7. ASSEMBLY: A. Cover the fuselage first, keeping the tiss- ue paper as tight and smooth as possible. Use banana oil to fasten paper to frame. YOu can ob- tain this at your regular Megow dealer. Leave a small hole in covering near the rear hook for ac- cess to your rubber band motor.
B. Cover the wing and tail parts being careful to keep paper flat and smooth without wrinkles. C. Now that all the parts have been covered, spray them with a light spray of clean water. Use an atomizer of a 'flit' sprayer. As the coverings dry they will shrink to a drum tightness. Be very careful that your frames stay true and do not warp especially your wing and tail surfaces. It may be necessary to pin these parts down to a flat surface when they are almost dry, so that they will dry true.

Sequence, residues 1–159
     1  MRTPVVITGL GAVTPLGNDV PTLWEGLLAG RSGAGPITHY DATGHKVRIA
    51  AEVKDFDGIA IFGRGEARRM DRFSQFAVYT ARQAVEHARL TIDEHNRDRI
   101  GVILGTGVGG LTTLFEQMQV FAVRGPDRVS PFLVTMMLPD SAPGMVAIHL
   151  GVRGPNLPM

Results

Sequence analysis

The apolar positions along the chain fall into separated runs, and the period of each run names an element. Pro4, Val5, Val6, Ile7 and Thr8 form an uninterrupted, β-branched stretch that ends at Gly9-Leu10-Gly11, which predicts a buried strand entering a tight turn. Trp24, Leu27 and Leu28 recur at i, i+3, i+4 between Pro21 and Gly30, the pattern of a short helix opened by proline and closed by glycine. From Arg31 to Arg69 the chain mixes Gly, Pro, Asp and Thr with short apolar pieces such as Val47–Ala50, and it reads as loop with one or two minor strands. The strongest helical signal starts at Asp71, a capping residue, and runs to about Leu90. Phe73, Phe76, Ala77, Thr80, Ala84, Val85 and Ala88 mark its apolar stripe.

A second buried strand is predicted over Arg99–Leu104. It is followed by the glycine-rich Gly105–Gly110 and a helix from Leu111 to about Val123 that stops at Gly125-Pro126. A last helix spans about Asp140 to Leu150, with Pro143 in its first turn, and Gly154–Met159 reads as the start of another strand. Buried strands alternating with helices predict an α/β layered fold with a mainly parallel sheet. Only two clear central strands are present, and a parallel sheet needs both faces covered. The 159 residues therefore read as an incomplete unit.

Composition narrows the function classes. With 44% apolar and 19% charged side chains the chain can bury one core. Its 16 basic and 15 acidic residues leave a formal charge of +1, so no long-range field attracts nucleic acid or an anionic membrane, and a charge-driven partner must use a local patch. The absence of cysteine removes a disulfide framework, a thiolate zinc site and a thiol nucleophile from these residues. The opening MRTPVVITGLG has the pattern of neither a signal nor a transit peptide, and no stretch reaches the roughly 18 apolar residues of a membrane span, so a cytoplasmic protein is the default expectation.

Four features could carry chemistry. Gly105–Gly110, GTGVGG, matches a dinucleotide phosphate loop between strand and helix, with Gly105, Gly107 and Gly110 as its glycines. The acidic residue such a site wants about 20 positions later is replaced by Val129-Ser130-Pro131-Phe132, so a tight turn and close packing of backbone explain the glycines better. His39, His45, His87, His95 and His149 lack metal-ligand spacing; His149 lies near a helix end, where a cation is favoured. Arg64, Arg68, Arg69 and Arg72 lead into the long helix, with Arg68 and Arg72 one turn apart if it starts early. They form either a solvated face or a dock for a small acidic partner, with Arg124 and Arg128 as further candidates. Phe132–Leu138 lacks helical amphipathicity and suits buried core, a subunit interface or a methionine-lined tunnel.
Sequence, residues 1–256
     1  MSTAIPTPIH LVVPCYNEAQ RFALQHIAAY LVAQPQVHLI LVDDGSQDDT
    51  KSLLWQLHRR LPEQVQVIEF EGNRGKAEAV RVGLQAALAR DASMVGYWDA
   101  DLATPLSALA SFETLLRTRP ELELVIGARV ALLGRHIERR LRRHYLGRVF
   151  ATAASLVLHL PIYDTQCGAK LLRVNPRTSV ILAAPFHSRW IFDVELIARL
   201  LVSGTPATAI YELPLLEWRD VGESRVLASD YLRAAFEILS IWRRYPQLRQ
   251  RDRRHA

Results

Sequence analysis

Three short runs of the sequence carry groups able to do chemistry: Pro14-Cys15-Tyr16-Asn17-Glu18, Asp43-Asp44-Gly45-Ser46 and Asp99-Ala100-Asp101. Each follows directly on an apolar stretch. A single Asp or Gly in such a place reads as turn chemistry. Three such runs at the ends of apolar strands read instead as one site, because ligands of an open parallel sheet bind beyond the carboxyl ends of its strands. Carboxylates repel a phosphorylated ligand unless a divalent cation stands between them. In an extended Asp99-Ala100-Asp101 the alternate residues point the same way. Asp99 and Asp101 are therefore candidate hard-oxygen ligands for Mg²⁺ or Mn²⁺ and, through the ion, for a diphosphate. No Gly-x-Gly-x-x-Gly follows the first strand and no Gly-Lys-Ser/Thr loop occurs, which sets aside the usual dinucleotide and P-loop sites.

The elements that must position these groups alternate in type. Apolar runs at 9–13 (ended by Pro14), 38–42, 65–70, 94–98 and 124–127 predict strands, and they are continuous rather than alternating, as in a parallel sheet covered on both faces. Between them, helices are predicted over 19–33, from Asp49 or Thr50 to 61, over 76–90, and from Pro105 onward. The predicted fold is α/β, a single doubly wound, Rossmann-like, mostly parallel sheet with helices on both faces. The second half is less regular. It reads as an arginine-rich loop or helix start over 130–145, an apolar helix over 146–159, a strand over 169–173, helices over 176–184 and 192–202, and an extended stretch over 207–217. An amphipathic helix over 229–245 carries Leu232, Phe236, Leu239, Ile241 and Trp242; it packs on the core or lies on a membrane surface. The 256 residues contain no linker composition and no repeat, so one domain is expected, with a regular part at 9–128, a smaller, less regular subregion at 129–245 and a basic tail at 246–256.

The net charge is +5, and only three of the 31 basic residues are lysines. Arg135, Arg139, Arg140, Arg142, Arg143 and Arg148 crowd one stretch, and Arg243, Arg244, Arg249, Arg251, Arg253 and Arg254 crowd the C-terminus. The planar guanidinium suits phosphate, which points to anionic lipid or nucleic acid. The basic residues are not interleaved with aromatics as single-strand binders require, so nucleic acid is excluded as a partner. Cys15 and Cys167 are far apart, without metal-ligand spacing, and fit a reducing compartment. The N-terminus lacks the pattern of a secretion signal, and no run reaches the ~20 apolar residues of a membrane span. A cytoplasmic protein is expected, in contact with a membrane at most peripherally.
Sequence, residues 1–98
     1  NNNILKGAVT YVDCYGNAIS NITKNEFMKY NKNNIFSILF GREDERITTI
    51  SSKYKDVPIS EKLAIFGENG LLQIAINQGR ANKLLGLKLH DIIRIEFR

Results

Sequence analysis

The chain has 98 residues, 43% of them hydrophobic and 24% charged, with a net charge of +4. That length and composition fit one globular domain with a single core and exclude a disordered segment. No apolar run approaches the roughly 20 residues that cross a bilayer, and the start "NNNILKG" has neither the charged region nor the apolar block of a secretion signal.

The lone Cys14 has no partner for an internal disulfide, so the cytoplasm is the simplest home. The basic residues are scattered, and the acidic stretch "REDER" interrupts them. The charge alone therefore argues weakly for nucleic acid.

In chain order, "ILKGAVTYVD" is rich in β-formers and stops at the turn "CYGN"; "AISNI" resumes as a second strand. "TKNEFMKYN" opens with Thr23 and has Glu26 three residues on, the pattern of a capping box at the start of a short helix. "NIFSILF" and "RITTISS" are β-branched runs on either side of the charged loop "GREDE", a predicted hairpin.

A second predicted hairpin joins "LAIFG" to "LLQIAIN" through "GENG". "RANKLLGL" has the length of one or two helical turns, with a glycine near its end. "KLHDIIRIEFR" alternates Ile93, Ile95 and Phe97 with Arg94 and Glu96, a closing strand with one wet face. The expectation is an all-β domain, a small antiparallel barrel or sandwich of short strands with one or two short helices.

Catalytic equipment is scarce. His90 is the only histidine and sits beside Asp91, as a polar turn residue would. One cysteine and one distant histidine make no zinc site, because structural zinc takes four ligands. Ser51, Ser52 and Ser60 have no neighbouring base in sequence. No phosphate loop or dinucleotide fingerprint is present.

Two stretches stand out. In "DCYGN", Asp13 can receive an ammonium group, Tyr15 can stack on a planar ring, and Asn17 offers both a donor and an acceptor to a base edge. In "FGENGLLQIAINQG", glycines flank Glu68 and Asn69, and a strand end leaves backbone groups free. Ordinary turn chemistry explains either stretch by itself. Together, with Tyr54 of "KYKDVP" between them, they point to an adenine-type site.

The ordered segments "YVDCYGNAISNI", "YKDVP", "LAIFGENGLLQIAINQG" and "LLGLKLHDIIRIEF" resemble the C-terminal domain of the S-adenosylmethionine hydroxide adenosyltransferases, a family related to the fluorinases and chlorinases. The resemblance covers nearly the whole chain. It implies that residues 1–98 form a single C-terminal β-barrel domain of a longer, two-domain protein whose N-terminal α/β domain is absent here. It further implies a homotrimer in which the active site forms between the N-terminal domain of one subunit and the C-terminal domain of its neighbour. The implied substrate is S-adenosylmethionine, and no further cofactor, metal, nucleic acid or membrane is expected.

D. Now assemble all your parts together, as specified by these plans, making sure your wing and tail angles are correct and that the wings have the correct dihedral angle. Add all other miscellaneous details and trimmings, and your model is ready to fly.
8. TO FLY: First balance the plane. If held at the center of it's wing tips it should balance in a level position. If it does not, add weight to front or rear whichever end is lightest, until the model balances in a level position. A thumb- tack or two should do the trick. If your model needs adjustment at all.